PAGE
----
2010 Season

Season-end Compost

Because we are returning the garden back to the Park for the winter, the remaining compost was bagged to be taken away.  But first I sifted it to extract usable soil, and got nearly a wheelbarrow full!  This from two months, the second of which I turned it naught, and it suffered from low night temperatures (which slow decomposition).

The sifted compost was spread over the empty garden and raked in.  The remainder filled over a bag, which then had to be divided amongst several bags because of its heaviness.



Fall Crop Update

The peak of the harvest is past, and yet we tried second plantings of some crops because we had the space, to see what would happen.  With about a month to go, here's their progress.

Cabbage & Cauliflower:  large leaves, producing well, but no sign of heads yet.

Carrots:  leafy fronds are doing well; no sign of poking out of the ground.

Beets:  alive but struggling.

Spinach:  mostly eaten by Something.

Peas:  half-height, base leaves yellowing, no sign of peas.

Lettuce:  looking good!  Might harvest some next week.

Also, here's an update on some first plantings:

Eggplant:  *continues* to produce, though more slowly.

Beans:  the bush beans produced another handful; the pole beans have disappointed.

Potatoes:  we pulled a single plant to obtain some potatoes for display at Town Day.  The number amidst the roots was extensive, and while mostly small-to-tiny, there was at least one big red one.  From just one plant!

Squash:  the tiny zucchini was accidently harvested; there's still a medium yellow squash; and the pattipan has several small fruits (not to mention flowers) which it thinks it has time to make bigger -- we'll see.

The mildew is back to some extent on the squash, and worse, has jumped to the other side of the garden and covered the collard leaves.

The rest of the greens (kale, chard, arugula and other herbs) still doing well.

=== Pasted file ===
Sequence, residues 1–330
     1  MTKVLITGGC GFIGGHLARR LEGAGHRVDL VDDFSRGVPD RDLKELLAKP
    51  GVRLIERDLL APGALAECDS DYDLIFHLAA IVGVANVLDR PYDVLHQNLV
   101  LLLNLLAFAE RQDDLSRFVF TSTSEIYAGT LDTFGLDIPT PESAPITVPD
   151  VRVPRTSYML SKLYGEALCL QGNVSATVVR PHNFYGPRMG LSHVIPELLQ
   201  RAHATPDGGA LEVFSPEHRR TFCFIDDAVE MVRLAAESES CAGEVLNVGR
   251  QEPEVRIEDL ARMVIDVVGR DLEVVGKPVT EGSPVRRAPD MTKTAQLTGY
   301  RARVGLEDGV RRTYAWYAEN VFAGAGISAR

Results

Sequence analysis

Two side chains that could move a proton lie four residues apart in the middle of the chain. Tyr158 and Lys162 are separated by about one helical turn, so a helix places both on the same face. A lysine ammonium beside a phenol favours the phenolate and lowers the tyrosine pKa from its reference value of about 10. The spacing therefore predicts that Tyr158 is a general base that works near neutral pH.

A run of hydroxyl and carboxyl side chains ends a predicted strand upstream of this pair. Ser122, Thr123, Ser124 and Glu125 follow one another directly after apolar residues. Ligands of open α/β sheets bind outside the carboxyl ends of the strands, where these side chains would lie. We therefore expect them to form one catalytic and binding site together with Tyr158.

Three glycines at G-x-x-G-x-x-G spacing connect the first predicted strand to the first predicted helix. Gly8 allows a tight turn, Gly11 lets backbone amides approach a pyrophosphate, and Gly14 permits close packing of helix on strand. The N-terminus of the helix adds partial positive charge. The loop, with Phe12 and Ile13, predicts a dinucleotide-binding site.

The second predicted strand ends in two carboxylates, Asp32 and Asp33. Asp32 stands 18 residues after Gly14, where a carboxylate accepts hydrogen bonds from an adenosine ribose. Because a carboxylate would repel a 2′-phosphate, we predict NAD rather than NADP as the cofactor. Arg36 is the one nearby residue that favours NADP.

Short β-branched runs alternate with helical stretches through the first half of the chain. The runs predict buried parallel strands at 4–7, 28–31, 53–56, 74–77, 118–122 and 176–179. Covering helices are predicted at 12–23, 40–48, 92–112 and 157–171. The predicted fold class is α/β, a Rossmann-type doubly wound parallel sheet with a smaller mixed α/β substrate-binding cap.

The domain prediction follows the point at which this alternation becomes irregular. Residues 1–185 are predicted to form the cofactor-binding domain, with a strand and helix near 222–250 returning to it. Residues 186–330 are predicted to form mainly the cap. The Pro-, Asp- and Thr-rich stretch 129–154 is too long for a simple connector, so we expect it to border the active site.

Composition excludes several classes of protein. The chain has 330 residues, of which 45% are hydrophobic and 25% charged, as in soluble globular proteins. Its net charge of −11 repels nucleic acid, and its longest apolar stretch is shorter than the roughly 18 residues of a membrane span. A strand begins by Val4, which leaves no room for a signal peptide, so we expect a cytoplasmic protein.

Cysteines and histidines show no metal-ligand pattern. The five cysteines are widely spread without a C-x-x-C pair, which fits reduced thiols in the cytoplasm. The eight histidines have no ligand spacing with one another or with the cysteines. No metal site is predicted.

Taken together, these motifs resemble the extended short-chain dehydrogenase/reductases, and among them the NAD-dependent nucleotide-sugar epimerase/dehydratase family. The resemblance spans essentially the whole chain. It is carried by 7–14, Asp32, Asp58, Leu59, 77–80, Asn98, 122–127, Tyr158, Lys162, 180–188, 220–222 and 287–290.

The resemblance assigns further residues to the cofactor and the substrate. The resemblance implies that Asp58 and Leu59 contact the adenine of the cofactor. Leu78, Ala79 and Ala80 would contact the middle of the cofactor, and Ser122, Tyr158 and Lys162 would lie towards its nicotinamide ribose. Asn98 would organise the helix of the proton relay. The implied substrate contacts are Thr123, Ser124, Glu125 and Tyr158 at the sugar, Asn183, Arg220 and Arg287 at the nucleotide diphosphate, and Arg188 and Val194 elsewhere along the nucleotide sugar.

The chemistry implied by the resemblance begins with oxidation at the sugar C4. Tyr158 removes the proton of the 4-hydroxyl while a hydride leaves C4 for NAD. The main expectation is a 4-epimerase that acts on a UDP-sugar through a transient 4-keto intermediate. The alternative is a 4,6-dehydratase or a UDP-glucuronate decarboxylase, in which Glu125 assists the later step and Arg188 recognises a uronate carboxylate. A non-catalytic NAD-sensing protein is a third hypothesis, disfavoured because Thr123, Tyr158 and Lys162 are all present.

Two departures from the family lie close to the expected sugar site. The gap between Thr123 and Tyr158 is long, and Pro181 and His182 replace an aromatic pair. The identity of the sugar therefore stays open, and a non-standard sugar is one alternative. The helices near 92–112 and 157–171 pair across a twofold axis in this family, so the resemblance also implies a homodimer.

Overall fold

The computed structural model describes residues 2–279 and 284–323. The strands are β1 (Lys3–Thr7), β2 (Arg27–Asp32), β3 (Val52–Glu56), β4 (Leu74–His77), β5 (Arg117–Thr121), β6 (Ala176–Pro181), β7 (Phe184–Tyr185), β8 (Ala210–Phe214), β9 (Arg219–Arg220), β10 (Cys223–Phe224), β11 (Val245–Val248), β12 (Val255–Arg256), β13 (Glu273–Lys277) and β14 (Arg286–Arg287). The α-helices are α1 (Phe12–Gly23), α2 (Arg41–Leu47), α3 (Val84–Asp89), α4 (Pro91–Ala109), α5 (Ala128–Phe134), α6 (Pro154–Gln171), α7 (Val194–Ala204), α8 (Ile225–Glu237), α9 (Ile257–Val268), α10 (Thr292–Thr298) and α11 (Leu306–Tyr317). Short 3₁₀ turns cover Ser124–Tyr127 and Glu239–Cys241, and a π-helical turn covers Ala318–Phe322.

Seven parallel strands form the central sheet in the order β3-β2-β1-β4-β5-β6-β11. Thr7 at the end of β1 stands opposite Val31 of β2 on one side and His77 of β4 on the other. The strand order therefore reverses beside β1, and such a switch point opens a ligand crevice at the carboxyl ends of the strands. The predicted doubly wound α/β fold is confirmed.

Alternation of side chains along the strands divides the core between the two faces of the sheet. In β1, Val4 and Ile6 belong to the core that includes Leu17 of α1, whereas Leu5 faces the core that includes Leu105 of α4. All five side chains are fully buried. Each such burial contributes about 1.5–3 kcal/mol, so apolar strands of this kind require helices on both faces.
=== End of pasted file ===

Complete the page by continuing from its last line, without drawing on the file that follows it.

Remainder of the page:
Pesticides vs. Mildew

Mildew attacked the leaves of cucumber plants and zucchini (and other summer squash) plants this summer.  Despite this, we harvested abundant quantities of each, so one could just call this part of our ecological tithe, especially since we weren't eating the leaves.  Yet there was enough concern that we did try to address the problem.

We altered our watering, so as not to water from above near these plants (as well as the tomatoes, given the threat of tomato blight).  Water on leaves helps spread disease, and it's water into roots which counts.  We added a soaker hose in the area of these plants as well.

We also tried a couple pesticides.  The first was a dilute mixture of hydrogen peroxide.  The effectiveness was questionable, requiring multiple regular applications to seem to work.  The second was baking soda and soybean oil (vegetable oil) diluted in water:  about a tablespoon of baking soda with a half gallon of water; the oil helps the baking soda stick to the leaves.  A few days later, many of the leaves of the squash plants appeared free of mildew.  However, it is unclear how much of this is new growth unyet touched by mildew, since we cleared away the dead leaves.

Pole Beans Struggle

I expected the pole beans to have reached the top of the trellis by now, which the peas did.  While a few runners reach high, most are about halfway up.  Also, many of the leaves nearest the ground have yellowed, usually an indication of some nutrient deficiency.  The usual culprit is lack of nitrogen, but beans being legumes put nitrogen in the soil, as do the peas preceding them.  Alan added some chicken manure.


Open House, August 21 2010

August 21 2010 open house

The open house table

We held our first open house on the evening of August 21, 2010, in the early evening before the Friends of Robbins Farm Park Movie Night. About 50 visitors had a cracking time exploring the garden and sampling our cherry tomatoes, cucumbers, edamame, and Steven's savory marinated swiss chard. A grand night out!


Non-Plant Life In (or Near) the Garden

We found another tomato hornworm today- it was incredibly fat and happy.  One of the clues (aside from the stripped tomato branches) was the presence of what turns out to be worm poop on the ground.


Also, we had some visitors outside the fence.  We were worried about animals being able to make their way through the fence to munch on the veggies.  These pet bunnies were outside the fence causing the garden no harm.  One of them was even on a leash!

Compost yields again

Saturday we sifted the compost for the second time, extracting about half a wheelbarrow-full.  I was impressed with the quantity, given that most came from garden waste (including grass clippings from the borders).  The rest of the compost is decomposing well, except for the bamboo twigs (waste from setting up the bamboo trellis).


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